#
Support Tree Conjugate Gradient

Solution of partial differential equations by either the finite
element or the finite difference methods often requires the solution
of large, sparse linear systems. When the coefficient matrices
associated with these linear systems are symmetric and positive
definite, the systems are often solved iteratively using the
preconditioned conjugate gradient method. We have developed a new
class of preconditioners, which we call support tree preconditioners,
that are based on the connectivity of the graphs corresponding to the
coefficient matrices of the linear systems. These new preconditioners
have the advantage of being well-structured for parallel
implementation, both in construction and in evaluation. We evaluated
the performance of support tree preconditioners by comparing them
against two common types of preconditioners: those arising from
diagonal scaling, and from the incomplete Cholesky decomposition. We
solved linear systems corresponding to both regular and irregular
meshes on the Cray C-90 using all three preconditioners and monitored
the number of iterations required to converge, and the total time
taken by the iterative processes. We show empirically that the
convergence properties of support tree preconditioners are similar,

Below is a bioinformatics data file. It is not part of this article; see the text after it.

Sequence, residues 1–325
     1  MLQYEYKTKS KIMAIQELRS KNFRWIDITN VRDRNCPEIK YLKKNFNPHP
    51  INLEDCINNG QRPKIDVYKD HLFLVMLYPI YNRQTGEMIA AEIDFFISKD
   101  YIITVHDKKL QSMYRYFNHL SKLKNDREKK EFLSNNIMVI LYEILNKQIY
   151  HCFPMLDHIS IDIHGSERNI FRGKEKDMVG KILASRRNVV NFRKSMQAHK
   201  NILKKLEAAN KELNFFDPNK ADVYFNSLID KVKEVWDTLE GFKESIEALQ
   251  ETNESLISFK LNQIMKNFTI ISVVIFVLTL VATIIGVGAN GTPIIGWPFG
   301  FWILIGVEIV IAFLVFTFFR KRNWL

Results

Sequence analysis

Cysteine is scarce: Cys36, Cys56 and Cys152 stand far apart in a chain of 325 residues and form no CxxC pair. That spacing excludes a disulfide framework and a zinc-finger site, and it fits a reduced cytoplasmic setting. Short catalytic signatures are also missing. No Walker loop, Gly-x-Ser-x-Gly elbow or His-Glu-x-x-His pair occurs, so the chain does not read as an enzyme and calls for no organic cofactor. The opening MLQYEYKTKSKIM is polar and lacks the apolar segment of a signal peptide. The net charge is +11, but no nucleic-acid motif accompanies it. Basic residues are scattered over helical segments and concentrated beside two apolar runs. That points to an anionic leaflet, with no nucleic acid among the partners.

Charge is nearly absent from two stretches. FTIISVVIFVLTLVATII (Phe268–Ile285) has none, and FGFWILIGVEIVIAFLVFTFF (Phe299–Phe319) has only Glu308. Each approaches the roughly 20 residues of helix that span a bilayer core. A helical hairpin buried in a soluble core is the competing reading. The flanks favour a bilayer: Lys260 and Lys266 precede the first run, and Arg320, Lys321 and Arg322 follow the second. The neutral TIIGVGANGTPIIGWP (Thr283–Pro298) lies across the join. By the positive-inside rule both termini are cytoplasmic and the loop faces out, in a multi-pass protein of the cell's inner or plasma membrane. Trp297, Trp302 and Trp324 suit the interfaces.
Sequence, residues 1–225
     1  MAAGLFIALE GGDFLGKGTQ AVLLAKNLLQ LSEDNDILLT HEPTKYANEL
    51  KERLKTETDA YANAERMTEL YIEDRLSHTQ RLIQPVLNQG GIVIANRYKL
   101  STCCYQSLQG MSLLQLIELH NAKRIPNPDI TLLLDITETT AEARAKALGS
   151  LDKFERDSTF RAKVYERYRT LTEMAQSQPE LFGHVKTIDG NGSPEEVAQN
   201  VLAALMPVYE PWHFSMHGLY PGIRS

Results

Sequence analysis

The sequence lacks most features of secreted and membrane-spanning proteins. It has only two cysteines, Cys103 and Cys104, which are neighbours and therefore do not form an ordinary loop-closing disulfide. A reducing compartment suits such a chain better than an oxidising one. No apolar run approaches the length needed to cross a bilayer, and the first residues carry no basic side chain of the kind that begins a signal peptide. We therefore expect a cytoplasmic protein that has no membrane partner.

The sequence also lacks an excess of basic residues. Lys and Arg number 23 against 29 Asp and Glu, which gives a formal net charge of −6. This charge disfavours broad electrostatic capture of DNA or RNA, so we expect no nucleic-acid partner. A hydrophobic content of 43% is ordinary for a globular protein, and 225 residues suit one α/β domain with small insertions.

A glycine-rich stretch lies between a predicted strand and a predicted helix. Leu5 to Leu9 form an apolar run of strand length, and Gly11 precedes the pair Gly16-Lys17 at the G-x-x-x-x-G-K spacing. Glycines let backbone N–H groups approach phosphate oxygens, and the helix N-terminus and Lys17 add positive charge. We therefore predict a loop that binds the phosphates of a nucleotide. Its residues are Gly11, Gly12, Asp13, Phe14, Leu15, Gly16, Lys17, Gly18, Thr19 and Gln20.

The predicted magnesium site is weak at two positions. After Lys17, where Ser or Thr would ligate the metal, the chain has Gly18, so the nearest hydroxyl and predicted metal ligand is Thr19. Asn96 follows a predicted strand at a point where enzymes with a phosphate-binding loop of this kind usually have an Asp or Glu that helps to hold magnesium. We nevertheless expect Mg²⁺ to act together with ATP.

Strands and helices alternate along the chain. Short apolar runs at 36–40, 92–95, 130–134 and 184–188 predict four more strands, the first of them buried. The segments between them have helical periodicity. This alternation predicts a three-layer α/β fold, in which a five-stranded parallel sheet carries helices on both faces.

and superior in many cases, to those of incomplete Cholesky
preconditioners, which in turn are superior to those of diagonal
scaling. Support tree preconditioners require less overall storage,
less work per iteration, and yield better parallel performance than
incomplete Cholesky preconditioners. In terms of total execution time,
support tree preconditioners outperform both diagonal scaling and
incomplete Cholesky preconditioners. Hence, support tree
preconditioners provide a powerful, practical tool for the solution of
large sparse systems of equations on vector and parallel machines.
For more information, see our tech report
Performance
Evaluation of a New Parallel Preconditioner, by Keith D. Gremban,
Gary L. Miller, and Marco Zagha, CMU-CS-94-205.

Up to the Irregular Algorithms page,
the NESL page, or
the Scandal page.

kdg@cs.cmu.edu and
marcoz@cs.cmu.edu.